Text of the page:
Series Editor: Roy Harris, University of Oxford, UK
Routledge Advances in Communication and Linguistic Theory presents an integrationist approach to problems of language and communication. Integrationism has emerged in recent years as a radically innovative theoretical position. It challenges the most basic assumptions underlying orthodox twentieth-century linguistics, including those taken for granted by leading structuralists, post-structuralists and generativists.
According to integrationists, human communication is an essentially creative enterprise: it relies very little on the 'codes', 'systems', 'habits' and 'rules' postulated by orthodox theorists. Instead, integrationists see the communicative life of each individual as part of a continuous attempt to integrate the present with the past and the future. The success of this attempt depends crucially on the ability to contextualise on-going events rather than on any mastery of established conventions.
The books in this series are aimed at a multidisciplinary readership comprising those engaged in study, teaching and research in the humanities and social sciences, including anthropology, the arts, education, linguistics, literary studies, philosophy and psychology.
When linguistics was first established as an academic discipline in the nineteenth century, it was envisaged as an essentially historical study. Languages were to be treated as historical objects, evolving through gradual but constant processes of change over long periods of time. In recent years,...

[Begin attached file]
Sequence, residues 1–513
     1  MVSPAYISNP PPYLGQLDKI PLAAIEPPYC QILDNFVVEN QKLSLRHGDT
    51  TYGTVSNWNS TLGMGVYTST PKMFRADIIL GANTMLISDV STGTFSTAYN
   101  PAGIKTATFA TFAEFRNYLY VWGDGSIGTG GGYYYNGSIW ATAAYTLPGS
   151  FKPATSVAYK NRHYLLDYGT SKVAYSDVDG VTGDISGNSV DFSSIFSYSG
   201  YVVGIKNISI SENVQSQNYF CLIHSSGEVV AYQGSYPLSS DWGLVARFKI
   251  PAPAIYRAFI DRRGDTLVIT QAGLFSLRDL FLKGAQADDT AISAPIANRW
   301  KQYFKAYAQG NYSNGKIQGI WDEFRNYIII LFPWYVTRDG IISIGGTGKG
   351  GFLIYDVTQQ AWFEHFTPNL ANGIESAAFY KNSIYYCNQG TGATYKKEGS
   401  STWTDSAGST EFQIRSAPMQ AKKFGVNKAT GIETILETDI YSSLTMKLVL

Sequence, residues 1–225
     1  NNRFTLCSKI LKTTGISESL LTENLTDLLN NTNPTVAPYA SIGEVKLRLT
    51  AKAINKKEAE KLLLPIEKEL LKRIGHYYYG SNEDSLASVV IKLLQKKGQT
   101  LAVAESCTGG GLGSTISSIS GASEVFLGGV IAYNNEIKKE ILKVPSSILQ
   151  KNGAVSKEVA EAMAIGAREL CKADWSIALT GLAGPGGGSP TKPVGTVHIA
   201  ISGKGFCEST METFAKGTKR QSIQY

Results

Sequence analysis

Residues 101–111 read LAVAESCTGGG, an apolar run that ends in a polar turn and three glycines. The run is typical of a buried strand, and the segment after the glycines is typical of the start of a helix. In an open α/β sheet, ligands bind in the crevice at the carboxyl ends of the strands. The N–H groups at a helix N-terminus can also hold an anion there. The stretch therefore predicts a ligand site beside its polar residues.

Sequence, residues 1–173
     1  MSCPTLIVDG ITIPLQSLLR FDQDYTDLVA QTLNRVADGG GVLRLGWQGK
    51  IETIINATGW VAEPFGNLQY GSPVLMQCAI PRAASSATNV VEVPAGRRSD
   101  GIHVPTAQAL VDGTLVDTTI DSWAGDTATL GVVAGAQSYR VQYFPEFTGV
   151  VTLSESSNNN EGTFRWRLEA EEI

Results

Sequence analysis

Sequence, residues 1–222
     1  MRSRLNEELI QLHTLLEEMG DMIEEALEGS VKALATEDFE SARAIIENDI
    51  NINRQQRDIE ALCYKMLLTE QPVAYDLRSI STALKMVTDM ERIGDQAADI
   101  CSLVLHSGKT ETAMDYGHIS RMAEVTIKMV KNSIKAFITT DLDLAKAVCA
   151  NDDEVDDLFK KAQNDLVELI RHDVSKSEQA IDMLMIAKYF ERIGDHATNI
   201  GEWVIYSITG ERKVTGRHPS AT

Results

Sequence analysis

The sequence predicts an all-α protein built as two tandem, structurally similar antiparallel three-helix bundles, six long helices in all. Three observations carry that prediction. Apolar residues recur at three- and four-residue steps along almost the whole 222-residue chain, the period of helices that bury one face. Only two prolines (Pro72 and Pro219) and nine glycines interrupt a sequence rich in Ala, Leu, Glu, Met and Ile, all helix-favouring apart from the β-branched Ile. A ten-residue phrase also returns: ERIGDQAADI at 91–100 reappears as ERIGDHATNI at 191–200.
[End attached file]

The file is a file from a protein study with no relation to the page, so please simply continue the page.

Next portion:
Published March 8th 2006 by Routledge
The basic claim of this book is that for 2000 years and more the western tradition has relied on two very dubious assumptions about human communication: that each national language is a unique code and that linguistic communication consists in the utilization of such codes to transfer messages from...
Published December 13th 2001 by Routledge
Integrational Linguistic Approaches
This book demonstrates the relevance of an integrational linguistic perspective to a practical, real-world need, namely the learning of languages. Integrational linguistics’ shunning of both realist and structuralist theories of language, its commitment to an unwavering attention to the perspective...
Published December 14th 2008 by Routledge
This book re-examines the old debate about the relationship between rationality and literacy. Does writing "restructure consciousness?" Do preliterate societies have a different "mind-set" from literate societies? Is reason "built in" to the way we think? How is literacy related to numeracy? Is the...
Published January 9th 2009 by Routledge
This book deals with the need to rethink the aims and methods of contemporary linguistics. Orthodox linguists' discussions of linguistic form fail to exemplify how language users become language makers. Integrationist theory is used here as a solution to this basic problem within general...
Published October 10th 2002 by Routledge
Aims to reorient the study of language by taking into serious consideration the perspective on linguistic matters taken by lay speakers themselves, as a response to the now inescapable conclusion that traditional linguistic theory, with its focus on revealing 'the facts of language in general',...
Published December 15th 2000 by Routledge
Its Nature, Origins and Transformations
Linguists routinely emphasise the primacy of speech over writing. Yet, most linguists have analysed spoken language, as well as language in general, applying theories and methods that are best suited for written language. Accordingly, there is an extensive 'written language bias' in traditional and...
Published January 31st 2005 by Routledge